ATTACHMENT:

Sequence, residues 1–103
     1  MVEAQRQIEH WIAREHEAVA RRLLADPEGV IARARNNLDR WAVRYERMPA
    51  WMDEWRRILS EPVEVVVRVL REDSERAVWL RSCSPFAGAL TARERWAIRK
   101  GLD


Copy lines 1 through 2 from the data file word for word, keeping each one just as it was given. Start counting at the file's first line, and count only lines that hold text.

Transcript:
Sequence, residues 1–103
     1  MVEAQRQIEH WIAREHEAVA RRLLADPEGV IARARNNLDR WAVRYERMPA